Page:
Especially after the Arkansas trial, it was clear that in order to get creationism into the textbooks, creationists would have to hit the laboratories and the field to do some science to back their claims. Oddly, they have staunchly avoided doing any such work, instead claiming victimhood, usually on religious grounds. To the extent ID differs from all other forms of creationism, the applicability of the law to ID was affirmed late last year in the Pennsylvania case, Kitzmiller v. Dover. (Please go read that case!)
Against this legal background, Dr. Francis Beckwith has been arguing that school boards may legally inject creationism into their curricula. His analysis is long and off the point; among other things he thinks that, philosophically, courts should not inquire into the religious motives of school boards and other legislative bodies when they pass such silly laws. In this argument, Beckwith appears to miss the essential elements upon which the courts rule: That there is no demonstration of science in the various flavors of creationism, and consequently no valid, secular reason to put it into school curricula.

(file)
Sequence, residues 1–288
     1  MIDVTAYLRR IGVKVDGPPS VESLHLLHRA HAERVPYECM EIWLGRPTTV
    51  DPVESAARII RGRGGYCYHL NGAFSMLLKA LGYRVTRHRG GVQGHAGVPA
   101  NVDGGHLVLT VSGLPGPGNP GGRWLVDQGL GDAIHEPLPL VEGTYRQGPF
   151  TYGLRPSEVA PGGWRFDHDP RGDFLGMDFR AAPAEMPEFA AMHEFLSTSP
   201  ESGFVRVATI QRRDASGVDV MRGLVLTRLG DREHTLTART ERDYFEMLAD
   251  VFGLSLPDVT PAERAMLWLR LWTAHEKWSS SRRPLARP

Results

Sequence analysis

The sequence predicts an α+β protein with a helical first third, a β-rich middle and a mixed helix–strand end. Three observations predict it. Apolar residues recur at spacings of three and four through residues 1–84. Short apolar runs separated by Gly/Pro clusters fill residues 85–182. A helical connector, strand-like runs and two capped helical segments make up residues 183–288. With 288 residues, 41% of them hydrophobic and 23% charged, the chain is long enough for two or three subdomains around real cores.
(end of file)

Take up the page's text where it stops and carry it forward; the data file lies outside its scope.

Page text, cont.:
In my days in intercollegiate debate, we called such cases “squirrels.” They depend on one’s roping in the opponent to an off-topic discussion on some point where you actually have a case, in order to avoid arguing on all the issues where you are weak. In the case of creationism, the ID advocates wish to avoid arguing on the issues of whether they’ve done any significant or substantial lab work since 1981, because they haven’t. Having not paid the dues to be called science, having not purchased the research ticket to respectability the courts require, they need to argue something else to stay in the game.
The bottom line is this: Dr. Beckwith claims that it would or should be legal to teach intelligent design (ID) in public school science classes, as science. These claims are predicated on an assumption that science is behind the ideas of intelligent design — and that assumption is completely unwarranted. There is not enough science in ID to get a nomination for the IgNobel Prizes, let alone to warrant teaching it as science to innocent children.